This week we speak to Manchester United fan and The Busby Babe editor Andi Thomas ahead of their trip down to the South Coast to take on an off-colour Southampton team who haven't won a game for a month come Monday.
We talk Luke Shaw's promise, the difference between Louis Van Gaal and David Moyes, and why he would like Nathaniel Clyne to be the latest in Saints players to defect for United.
St. Mary's Musings: What were your season expectations before it started and have they changed since?
Andi Thomas: Improvement, both in results and style. Watching Moyes win was rarely fun; watching Moyes lose was painful. Basically, for Manchester United to start playing, and behaving, like Manchester United again, with all the disgusting entitlement, irritating superiority, and not-arrogant-just-better arrogance that goes along with it. Last season, nobody hated United, and even worse nobody feared United. That had to change.
As to how they've changed: the state of the league this season makes Champions League qualification all the more important. Van Gaal was tasked with getting United back into the top four in the expectation that Liverpool and Arsenal were going to be strong; now that they're both tanking a touch, and United have spent a fortune, that becomes almost mandatory.
SMM: United spent a lot of money in the summer - how do you feel about the club going in the Chelsea/City direction of splashing the cash for success? Is it sustainable?
AT: The general consensus amongst United fans is that this splurging -- which looks set to continue through the next two transfer windows -- is a necessary response to the way in which the squad was allowed to decline under Ferguson. United weren't exactly parsimonious is the latter days of Ferguson's reign but they did frequently end up spending their money in odd ways and on odd players, and the end result was a wildly unbalanced squad that had numbers but a lack of quality in some areas, and no numbers in others. <!-- ######## START FLOATED VIDEO SNIPPET ######## -->
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It's worth remembering that United were trying to spend heavily in the summer before Moyes' one season, they just failed to close any of their targets (hence the last day panic buy of Marouane Fellaini). So last summer wasn't just a post-Moyes panic. And it's hard to feel too strongly about it when you place the amount spent on footballers -- that's the sort of thing a football club is supposed to do -- next to the amount that's dribbled out of the club to service the Glazer debt.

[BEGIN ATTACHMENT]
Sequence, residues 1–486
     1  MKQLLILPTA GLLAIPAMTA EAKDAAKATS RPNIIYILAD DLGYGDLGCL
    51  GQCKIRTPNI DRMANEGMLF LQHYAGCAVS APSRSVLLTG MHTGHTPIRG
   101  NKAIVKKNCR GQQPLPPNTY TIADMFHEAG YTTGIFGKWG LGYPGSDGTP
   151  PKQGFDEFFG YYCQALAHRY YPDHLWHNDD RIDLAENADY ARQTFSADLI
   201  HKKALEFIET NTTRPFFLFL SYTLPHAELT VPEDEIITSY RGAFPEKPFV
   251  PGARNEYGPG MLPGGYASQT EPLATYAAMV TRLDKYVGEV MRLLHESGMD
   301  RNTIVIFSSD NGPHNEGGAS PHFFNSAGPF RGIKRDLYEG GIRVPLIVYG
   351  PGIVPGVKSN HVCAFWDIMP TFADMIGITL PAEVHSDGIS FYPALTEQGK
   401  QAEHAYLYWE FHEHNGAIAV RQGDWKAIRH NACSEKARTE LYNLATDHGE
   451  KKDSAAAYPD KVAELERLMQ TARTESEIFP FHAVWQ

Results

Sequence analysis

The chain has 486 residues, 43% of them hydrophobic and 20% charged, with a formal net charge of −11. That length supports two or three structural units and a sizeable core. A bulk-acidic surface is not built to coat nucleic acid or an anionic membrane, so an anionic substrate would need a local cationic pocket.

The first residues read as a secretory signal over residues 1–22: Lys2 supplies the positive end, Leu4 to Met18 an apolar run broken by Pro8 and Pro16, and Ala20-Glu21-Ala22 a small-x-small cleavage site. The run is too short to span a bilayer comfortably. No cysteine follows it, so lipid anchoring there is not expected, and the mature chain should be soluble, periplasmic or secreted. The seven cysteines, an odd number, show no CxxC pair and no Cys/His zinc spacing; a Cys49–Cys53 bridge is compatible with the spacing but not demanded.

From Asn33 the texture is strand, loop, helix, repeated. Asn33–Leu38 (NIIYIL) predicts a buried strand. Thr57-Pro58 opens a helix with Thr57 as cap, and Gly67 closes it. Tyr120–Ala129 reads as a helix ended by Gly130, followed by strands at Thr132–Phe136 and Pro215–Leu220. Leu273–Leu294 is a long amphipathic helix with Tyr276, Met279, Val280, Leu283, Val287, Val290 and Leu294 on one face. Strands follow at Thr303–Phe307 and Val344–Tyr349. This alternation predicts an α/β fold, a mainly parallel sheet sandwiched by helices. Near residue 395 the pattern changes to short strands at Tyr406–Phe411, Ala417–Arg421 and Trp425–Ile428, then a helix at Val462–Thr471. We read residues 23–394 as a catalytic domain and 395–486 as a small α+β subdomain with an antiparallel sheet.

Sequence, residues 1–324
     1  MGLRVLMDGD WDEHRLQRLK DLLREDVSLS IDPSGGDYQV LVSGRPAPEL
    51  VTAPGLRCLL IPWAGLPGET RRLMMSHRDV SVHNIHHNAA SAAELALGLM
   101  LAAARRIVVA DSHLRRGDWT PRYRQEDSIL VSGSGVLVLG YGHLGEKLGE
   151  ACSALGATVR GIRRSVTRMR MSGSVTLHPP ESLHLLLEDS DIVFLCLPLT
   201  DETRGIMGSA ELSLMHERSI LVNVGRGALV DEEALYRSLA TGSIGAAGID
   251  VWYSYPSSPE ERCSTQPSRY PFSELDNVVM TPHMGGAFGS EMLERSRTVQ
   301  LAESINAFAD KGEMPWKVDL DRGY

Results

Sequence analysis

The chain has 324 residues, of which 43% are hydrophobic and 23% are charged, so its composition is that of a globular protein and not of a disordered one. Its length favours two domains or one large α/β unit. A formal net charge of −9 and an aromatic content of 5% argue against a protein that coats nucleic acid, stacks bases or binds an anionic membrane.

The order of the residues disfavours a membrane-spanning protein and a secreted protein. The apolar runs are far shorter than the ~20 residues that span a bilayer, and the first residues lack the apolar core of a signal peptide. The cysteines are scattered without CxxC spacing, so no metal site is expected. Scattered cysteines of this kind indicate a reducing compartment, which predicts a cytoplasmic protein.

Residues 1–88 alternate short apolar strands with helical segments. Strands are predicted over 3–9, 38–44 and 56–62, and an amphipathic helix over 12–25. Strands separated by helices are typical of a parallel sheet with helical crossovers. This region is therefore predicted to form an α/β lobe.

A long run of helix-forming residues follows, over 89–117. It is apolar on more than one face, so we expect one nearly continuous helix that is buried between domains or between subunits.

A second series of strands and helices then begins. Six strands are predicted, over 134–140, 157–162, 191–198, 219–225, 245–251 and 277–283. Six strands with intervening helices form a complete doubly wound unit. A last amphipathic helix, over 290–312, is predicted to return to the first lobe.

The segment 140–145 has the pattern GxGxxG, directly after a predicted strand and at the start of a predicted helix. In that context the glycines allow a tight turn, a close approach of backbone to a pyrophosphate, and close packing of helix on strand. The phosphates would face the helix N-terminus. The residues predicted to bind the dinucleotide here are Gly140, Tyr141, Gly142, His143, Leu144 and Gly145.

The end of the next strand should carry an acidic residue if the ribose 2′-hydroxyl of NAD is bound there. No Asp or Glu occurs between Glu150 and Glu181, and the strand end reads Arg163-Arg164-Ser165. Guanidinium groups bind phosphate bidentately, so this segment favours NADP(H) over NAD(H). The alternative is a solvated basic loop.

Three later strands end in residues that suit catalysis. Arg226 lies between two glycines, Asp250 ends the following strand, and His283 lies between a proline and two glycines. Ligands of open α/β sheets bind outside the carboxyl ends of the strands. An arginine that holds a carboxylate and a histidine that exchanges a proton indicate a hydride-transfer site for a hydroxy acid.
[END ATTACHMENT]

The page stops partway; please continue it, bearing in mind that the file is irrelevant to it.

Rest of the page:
Obviously, in an ideal world every single player on the pitch would have come through the academy. But if the club is to spend its money on either Angel di Maria or some mortgage payment, then that's not much of a choice.
As for the sustainability, the plan seems to be spend heavily last and next summer, then -- once the squad's stronger -- rein things in a touch. But hey, this is a team that has an official noodles partner. Might as well take advantage of the stupid world we live in.
SMM: How much is Fergie to blame for the decline of United's team?
AT: Ah, the £800m question.
There are books to be written on this issue. No two Manchester United have the same answer, and some don't even agree with themselves. Essentially it all goes back to the Glazers: how much of a role Ferguson played in enabling the takeover; how much of the damage they did to the club was masked by his managerial genius; how much the altered financial reality affected the club's transfer policies.
There are people who will tell you that Ferguson could have nixed the takeover by simply saying 'I will resign if this goes through'; that he was so crucial to United that his doing so would have spooked the banks. Those people may well right. Certainly, his willingness to work for the Glazers -- indeed, his apparent happiness to do so -- severely damaged his standing in the eyes of plenty, including myself.
Ultimately, if United's mess of a squad was assembled under no restrictions at all, then it's all his fault; if it was assembled, as most suspect, under the restrictions of Glazernomics, then that's a more diffuse responsibility, though he certainly doesn't escape his share. And, of course, if David Moyes getting the job was his idea, then he bears the responsibility for that. So ... somewhere between total and partial.
Of course, the question depends to a certain extent on how serious a decline this actually is, on whether this a temporary mess that can be cleaned up by an angry Dutchman wielding giant wodges of cash. United did win a title the season before last, after all. If Van Gaal goes on to win another one then last season, far from being the start of something worrying and lasting, will have just been a weird, Moyesian interregnum. And the question of Ferguson's blame will be neatly closed off.